Justice Gorsuch’s has shown in other cases this term that he is unwilling to step outside his role as judge to rewrite statutes or to review issues not before the Court. Thus, his decision in Pavan may just be that – he thought the strong medicine of summary reversal was unwarranted. If that is the case, there is no reason to think that this decision will affect Masterpiece Cakeshop.
Further, deciding that Gorsuch is anti-gay and assuming that all legal analysis hinges on personal politics is, in my view, a crass indictment of the rule of law. Masterpiece Cakeshop is a difficult case that involves First Amendment rights and how they intersect with anti-discrimination laws. A conclusion that the decision Justice Gorsuch will render in Masterpiece Cakeshop will be based on whether Justice Gorsuch believes in gay rights is unfairly reductive. Justice Gorsuch may personally believe strongly in gay rights but have a robust view of First Amendment rights and religious liberty, or he may be unsympathetic to gay rights but recognize that this view shouldn’t affect the outcome of individual cases.
View Two: Pavan means everything.
On the other hand, Justice Gorsuch may be opposed to gay rights and vote in accordance with that preference. Justice Gorsuch’s analysis in Pavan is quite nitpicky. He follows the Arkansas Supreme Court’s somewhat stilted reading of § 20-18-401. The entire statutory scheme relating to birth certificates seems to privilege husbands and wives far more than it cares about paternity. And, even if the state of Arkansas conceded that it must apply § 9-10-201 to same-sex couples, the wording of the statute mentions only husbands and wives. Perhaps Gorsuch’s rigid view of this case, and his reading of Arkansas’s statutory scheme, does evince some anti-gay animus, not simply judicial rigidity. Even Chief Justice Roberts joined the per curiam majority in Pavan (or, at least, he did not join the dissent).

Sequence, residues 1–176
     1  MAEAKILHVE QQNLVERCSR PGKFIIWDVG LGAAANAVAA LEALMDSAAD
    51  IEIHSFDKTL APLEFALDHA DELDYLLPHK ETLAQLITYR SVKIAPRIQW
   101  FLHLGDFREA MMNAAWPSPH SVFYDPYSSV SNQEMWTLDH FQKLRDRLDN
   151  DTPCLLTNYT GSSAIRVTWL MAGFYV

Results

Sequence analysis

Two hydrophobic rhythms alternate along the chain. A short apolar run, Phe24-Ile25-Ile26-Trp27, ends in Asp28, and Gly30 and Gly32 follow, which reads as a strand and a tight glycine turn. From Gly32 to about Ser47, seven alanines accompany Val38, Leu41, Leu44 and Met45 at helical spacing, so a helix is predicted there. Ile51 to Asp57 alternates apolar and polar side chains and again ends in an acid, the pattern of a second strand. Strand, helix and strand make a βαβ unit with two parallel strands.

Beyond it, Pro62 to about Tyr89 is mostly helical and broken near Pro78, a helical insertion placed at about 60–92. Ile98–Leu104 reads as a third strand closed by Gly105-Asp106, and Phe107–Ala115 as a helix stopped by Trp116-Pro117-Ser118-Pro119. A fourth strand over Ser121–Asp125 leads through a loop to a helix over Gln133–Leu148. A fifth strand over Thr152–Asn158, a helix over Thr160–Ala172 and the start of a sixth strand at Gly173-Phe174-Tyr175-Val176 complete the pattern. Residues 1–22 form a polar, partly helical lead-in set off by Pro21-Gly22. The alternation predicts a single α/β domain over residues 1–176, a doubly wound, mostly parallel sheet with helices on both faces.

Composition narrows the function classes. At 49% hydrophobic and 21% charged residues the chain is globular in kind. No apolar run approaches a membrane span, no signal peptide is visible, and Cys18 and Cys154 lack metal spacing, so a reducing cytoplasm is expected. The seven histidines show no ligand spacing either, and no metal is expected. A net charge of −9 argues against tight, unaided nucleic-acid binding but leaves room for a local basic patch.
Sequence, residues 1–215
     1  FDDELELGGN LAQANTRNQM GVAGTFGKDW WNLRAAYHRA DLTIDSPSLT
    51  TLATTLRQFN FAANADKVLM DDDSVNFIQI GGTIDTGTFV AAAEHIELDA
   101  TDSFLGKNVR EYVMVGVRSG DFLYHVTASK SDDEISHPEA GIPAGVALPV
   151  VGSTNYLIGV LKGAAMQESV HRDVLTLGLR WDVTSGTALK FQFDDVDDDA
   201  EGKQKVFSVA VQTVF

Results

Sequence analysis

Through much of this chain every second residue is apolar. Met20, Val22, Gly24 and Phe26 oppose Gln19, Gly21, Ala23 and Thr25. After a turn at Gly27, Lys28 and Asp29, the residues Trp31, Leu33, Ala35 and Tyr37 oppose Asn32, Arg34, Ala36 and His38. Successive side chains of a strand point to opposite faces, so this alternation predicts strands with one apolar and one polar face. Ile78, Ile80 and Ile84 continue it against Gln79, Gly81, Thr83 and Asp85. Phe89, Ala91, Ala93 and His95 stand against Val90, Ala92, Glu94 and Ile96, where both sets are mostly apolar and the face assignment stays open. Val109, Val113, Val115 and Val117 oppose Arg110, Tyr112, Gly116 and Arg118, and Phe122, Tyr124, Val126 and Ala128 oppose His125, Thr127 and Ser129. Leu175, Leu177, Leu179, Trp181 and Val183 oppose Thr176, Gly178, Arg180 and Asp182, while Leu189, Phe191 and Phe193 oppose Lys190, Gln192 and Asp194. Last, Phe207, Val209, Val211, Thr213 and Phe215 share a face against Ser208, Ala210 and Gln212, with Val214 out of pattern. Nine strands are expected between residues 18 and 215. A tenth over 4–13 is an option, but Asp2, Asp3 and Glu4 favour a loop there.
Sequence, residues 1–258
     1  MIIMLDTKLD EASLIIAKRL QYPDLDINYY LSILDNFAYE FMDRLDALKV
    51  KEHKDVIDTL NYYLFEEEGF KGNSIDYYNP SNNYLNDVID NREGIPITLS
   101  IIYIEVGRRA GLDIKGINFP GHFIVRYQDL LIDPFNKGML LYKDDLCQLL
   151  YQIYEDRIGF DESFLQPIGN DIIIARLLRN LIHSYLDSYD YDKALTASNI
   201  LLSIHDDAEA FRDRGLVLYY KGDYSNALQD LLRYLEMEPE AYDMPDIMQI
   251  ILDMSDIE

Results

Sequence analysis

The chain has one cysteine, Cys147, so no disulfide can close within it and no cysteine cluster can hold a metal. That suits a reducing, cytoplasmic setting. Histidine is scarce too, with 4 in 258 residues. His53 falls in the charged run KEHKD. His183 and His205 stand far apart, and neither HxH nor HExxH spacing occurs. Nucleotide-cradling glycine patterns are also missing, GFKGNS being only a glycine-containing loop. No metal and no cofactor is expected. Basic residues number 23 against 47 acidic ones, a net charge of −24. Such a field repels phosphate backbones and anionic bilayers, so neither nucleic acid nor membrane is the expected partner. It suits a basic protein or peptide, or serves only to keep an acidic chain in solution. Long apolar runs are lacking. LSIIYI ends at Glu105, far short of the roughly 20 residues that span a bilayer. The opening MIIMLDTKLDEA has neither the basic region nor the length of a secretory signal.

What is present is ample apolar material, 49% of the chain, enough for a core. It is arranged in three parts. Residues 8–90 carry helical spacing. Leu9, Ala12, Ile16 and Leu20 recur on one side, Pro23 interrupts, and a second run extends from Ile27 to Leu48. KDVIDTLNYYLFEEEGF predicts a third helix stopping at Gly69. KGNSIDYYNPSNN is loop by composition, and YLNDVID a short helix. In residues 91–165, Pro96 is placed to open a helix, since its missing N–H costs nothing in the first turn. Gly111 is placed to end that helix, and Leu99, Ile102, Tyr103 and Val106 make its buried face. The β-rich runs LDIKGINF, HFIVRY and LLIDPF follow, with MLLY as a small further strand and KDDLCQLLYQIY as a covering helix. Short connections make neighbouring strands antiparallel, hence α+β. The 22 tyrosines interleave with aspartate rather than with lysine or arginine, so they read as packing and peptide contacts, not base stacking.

Plus, Justice Gorsuch was likely the fourth vote to grant certiorari in Masterpiece Cakeshop. When the Supreme Court reviews a case, it is more likely to reverse the case than affirm. So, even if Pavan is not a tell about Justice Gorsuch’s views on gay rights, he may be itching to reverse the lower court’s application of Colorado anti-discrimination laws to Christian cake designers anyway.
I’ll leave it to the reader to decide what conclusions to draw from Pavan, having presented both sides. I would add a final note of caution, which is that even if Justice Gorsuch votes in favor of expansive First Amendment rights in Masterpiece Cakeshop, that’s still not demonstrative evidence of anti-gay animus. I would want to see opinions that are more obviously indefensible before I took that view, although I appreciate why others might not feel so inclined to be charitable.